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Spirits An etymologic approach.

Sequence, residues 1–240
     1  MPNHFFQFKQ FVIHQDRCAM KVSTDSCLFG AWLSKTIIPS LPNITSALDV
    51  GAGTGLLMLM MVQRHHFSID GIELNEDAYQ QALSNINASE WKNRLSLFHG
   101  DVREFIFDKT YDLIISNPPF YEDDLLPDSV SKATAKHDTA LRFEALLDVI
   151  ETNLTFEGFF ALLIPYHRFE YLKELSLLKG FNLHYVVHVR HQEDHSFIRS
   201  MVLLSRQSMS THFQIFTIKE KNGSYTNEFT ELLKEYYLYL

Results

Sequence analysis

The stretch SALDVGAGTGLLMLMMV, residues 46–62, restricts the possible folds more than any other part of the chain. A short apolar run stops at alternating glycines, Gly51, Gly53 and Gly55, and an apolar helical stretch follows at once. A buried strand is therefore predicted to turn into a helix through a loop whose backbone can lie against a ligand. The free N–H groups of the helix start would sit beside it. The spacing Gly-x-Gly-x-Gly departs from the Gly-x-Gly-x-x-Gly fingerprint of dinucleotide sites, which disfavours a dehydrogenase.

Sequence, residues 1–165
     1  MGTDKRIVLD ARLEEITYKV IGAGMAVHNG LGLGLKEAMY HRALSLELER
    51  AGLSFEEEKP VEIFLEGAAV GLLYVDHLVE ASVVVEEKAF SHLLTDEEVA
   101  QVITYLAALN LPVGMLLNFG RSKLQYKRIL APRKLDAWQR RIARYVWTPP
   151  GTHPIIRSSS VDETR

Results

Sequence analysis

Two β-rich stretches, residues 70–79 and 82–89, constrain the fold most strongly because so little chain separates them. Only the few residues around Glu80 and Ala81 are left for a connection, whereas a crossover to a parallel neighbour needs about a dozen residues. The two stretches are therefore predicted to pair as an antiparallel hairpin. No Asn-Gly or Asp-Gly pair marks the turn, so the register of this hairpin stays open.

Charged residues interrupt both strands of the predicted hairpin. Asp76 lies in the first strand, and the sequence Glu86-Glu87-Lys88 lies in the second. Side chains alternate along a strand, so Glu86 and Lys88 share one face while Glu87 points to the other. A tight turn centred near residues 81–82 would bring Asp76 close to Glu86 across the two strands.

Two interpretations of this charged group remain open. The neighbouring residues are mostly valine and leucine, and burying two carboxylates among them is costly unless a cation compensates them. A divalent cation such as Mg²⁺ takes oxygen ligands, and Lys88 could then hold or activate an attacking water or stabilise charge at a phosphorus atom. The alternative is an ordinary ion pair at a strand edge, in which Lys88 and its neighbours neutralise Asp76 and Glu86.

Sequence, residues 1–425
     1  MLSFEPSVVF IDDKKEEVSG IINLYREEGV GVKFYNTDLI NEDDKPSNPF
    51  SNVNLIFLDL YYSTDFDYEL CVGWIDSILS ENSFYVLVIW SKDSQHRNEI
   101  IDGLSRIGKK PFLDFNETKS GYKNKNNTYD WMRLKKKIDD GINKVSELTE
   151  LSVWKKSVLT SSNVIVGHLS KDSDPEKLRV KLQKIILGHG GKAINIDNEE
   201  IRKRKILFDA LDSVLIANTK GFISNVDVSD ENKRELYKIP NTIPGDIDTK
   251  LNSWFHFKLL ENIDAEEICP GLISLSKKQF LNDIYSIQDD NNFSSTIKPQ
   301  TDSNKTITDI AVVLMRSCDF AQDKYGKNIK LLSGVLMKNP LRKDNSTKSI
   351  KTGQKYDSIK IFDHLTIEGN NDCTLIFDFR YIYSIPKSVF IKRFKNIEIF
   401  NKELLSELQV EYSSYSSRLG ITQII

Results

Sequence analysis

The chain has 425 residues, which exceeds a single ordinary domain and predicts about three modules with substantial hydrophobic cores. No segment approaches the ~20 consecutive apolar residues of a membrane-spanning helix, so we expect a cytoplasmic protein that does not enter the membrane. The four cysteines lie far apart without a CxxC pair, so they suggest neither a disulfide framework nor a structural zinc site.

The word spirit, as an estimated 70% of the modern English vocabulary, has its origins in Latin. It holds its current status since around the middle of the 13th century. The latin word spiritus has a wide range of meaning, initially only meant breath as in exhaltation but through associative language change eventually life, spirit and courage has been added to this previous one. This derivative of spiro (to breath) has been a great use to Cicero and Caesar whom carried on using it as an abstract idea for mightier virtues as pride or bravery. Later in the Vulgata spiritus becomes synonimous with animus and acquires the meaning of a suprenatural being. Before we try to guess upon these preconceptions we gathered here, which meaning might have evolved into meaning destilled alcoholic beverages in the modern English language, we have to stop for a second and investigate more carefully. Sice there is no evidence of consumpsion of distilled alcohol in the classical era, we might want to consider the geographic location of origin when doing a research on the appellation itself. As the first destillations probably happened somewhere near the Middle East, alcohol as a word also originates from the arabic Al-kuhl, this we can almost be sure of. Here we meet two plausible theories, the first explains that Alkuhl means finely separated, with al being the arabic definite article prefix and kuhl originating from khala which means to stain or to paint. First it was supposed to signify powdered cosmetical products and this is beieved to have boardened into any sublimated substance shortly, while the modern sense of intoxicating ingredient in liquor would make its first apperiance as late as in 1753 according to a source. Hitherto this sounds clear and straightforward but with an alcoholic culture as flourishing as Europe had after the mediaeval import of the destillation thechnique there had to be a word to use for everybodys favourite method to reach oblivion. How did Shakespeare address his favourite kind of scotish whiskey? This second explanation might have and answer. The Quoran features a very interesting line from our point of view. It uses Al-Ghawl meaning the spirit with the sense of what gives the wine its power to seemingly let us enter into another state of mind. (We can also recognize the english word ghoul having its roots in the arabic equivalent ghawl.) This follows the same linguistical logic as Shakespeare has in Othello when Cassio - sobering up after a drinking scene - reproaches himself saying there words: O thou invisible spirit of wine, if thou hast no name to be known by, let us call thee devil. Hereby Shakespeare advises us to call the intoxicating substance devil, but he himself refers to it as a spirit wine has, and as a ghoul would do this spirit also takes posession of ones mind. Pobably accidentally avancing in the footsteps of the bard of avon a temperance movement in the United States in the 30ies used the propaganda slogan alcohol=devil. It is unambigous that presence spirit in a sense of an alcoholic beverage is a rather late phenomenon in the English language. One can have so many associations and explantions for a specific riddle of the roots and origins, and it would require an immense amout of time to justify just one theory without leaving space for possible objections. Modern day advertisers also take adventage of the two meaning of the word spirit. Easy game on words, still a quite elegant slogan can be made by confusing the two senses. This was obviously exploited by numerous companies selling liquor. The Jameson Irish wiskey has the slogan of the Irish spirit relying on the patriotic feelings of consumers while Glenfinddich, another whiskey from Scotland advertises as The Independent Spirit.